On a recent visit to the Royal Academy, I noticed a tall, elegantly dressed man who spent quite some time admiring a square object attached to the wall. I wondered whether to tell him that far from being Russian avant-garde art, which was the theme of the exhibition, it was in fact the temperature and humidity control box. Many visitors to Revolution: Russian Art 1917-1932 … Continue reading Standpoint Magazine: Ironies of Ideology
I have lived in London for many years, and I still can’t tell King’s Cross from St Pancras station. But I know where platform 9¾ to Hogwarts is, and I also know that the easiest way to travel to Germany is by train. Whenever I fly, I have to leave the house at the crack of dawn, rely on my train to be on time, … Continue reading Money Observer: The easiest way to travel is by train
Winston Churchill’s half-smoked cigar sold for $12,000 at a US auction in October. A hand-written note by Albert Einstein on the topic of happiness (“a quiet and modest life brings more joy than a pursuit of success bound with constant unrest,” he wrote) went for $1.5 million in Jerusalem. In London, Audrey Hepburn’s iconic blue satin sleep mask was bought for £6,250, some 50 times … Continue reading Standpoint Magazine: Tunnel Vision
Much has been written about how automation will replace humans in the workplace. But what about those who have only been half replaced? I met some of them recently. On a recent trip, I was walking through the electronic passport control gates at Frankfurt airport. When I pressed my passport onto the glass screen, the gates swung open to reveal two people sitting behind a … Continue reading Money Observer: Where automation only half-replaces humans
I recently went to a public lecture at LSE hosted by the Forum for European Philosophy. The discussion was entitled “Does philosophy have to be obscure?” It struck me as a bit odd that both possible responses presume that philosophy is indeed obscure. If we understand “obscure” as “unclearly expressed” or “not easily understood”, so many things seem more obscure – Facebook’s terms of agreement, say, or … Continue reading Times Literary Supplement: Does philosophy have to be obscure?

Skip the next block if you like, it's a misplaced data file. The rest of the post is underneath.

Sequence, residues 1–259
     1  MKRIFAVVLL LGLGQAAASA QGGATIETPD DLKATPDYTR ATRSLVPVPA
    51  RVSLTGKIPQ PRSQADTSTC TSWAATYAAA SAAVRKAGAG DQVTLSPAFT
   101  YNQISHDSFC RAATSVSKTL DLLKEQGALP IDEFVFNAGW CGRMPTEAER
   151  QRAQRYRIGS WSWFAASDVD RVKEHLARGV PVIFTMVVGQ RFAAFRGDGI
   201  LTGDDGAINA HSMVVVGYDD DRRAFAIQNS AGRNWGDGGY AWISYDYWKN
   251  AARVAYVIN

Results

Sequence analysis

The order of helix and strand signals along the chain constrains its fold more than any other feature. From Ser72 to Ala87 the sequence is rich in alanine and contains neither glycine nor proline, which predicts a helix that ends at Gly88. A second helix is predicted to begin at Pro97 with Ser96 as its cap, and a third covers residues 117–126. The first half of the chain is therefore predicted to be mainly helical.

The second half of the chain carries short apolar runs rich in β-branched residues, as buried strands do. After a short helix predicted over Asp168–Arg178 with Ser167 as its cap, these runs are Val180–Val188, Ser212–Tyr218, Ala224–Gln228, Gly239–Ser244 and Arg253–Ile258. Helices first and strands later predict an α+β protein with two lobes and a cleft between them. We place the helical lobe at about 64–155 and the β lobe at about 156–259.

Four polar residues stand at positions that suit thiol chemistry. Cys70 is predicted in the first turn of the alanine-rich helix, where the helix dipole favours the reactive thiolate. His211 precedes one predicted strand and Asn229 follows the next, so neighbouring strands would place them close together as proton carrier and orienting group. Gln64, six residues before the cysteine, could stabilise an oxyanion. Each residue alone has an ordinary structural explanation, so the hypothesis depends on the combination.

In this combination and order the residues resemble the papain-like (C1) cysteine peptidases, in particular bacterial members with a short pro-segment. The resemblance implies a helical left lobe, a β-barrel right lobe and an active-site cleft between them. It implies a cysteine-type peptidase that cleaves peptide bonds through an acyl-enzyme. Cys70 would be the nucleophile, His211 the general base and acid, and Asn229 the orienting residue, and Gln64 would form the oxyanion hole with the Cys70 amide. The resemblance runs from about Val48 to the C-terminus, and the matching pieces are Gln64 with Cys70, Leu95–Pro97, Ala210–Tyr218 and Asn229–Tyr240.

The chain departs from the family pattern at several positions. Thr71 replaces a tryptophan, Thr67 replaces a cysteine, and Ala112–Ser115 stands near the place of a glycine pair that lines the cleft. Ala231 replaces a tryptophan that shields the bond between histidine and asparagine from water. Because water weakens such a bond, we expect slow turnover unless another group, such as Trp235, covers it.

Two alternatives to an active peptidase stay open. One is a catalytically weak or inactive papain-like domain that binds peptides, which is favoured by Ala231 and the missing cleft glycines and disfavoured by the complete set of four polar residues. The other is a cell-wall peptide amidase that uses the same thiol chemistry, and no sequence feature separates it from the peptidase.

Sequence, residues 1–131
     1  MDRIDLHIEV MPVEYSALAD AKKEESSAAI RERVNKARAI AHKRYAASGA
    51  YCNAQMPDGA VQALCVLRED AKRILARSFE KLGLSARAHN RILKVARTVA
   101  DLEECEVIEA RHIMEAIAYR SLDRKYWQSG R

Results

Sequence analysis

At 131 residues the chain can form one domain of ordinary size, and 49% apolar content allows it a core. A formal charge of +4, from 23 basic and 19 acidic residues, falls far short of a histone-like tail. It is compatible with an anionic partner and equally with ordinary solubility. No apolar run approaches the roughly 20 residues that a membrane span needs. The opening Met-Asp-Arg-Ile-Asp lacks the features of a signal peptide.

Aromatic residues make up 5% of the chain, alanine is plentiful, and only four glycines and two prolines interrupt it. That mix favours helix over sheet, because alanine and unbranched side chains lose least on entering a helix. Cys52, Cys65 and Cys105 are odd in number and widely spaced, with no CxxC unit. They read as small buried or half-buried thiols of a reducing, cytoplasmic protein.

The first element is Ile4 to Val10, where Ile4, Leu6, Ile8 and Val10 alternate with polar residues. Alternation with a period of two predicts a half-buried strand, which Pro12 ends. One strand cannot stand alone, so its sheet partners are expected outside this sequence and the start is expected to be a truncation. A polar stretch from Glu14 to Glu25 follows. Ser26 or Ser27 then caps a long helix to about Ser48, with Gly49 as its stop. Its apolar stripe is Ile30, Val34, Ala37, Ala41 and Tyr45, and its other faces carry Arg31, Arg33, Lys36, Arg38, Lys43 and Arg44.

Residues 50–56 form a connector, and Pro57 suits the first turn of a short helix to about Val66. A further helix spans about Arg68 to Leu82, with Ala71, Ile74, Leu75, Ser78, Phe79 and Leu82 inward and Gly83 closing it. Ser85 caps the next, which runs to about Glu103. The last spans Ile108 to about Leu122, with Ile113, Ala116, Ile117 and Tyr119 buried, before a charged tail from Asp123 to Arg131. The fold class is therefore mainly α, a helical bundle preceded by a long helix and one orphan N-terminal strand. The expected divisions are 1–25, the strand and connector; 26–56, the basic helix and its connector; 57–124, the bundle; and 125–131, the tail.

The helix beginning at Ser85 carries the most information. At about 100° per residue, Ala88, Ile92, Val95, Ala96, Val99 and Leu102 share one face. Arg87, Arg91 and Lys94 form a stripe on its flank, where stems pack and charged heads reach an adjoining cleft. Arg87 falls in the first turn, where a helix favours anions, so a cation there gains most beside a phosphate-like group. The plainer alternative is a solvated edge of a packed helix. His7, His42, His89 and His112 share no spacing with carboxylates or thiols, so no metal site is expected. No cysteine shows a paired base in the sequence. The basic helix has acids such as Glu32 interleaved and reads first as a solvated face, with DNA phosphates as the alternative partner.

Much has happened since I began writing this column more than two years ago: the UK has voted for Brexit, Donald Trump has been elected US president and new trade tariffs have been imposed. But some things haven’t changed. In my first column, I argued that cutting out your daily cappuccino won’t make you the next Wolf of Wall Street. Whenever it’s suggested that it … Continue reading Marina’s Monetary Musings: Invest your tuppence wisely – or better yet, feed the birds
There is a belief that people with psychopathic traits – like aggression, cold charm and a ruthless lack of empathy – do well in the financial industry. So a team of academics, led by Leanne ten Brinke, a social psychologist at the University of Denver, set out to investigate if that’s the case. Her team studied the video interviews of 101 hedge fund managers. The … Continue reading Marina’s Monetary Musings: Mirror, mirror on the wall – who is the best one of all?
Large charities embroiled in scandals have brought charitable giving into disrepute, from Oxfam staff who sexually exploited victims of the Haiti earthquake, to harassment at Save the Children. But the failure of these charities should not put you off donating. Indeed, the philosopher Peter Singer argued that ‘if you are living comfortably while others are hungry or dying from easily preventable diseases, and you are … Continue reading Marina’s Monetary Musings: How to become an ‘effective altruist’
Last week saw the deadline for companies with over 250 employees in the UK to report their gender pay gap. The figures revealed that HSBC has a gender pay gap of 59 per cent, Lloyds has a 32.8 per cent gap, Legal & General have a 30.5 per cent and Aviva has 28.5 per cent. While the gender pay gap in the UK was at … Continue reading Money Observer: How to close the gender pay gap in finance
Yet more unhelpful advice for millennials: Barclays has joined the admonishing chorus by announcing that millennial couples need to stop spending an average £3,500 on annual cruises or £5,946 a year on eating out twice a week. First, it’s unlikely that many millennials go on cruises, a distinctly octogenarian activity. Secondly, if we drill down into the cost of eating out calculated, we get to … Continue reading Marina’s Monetary Musings: The avocado cruise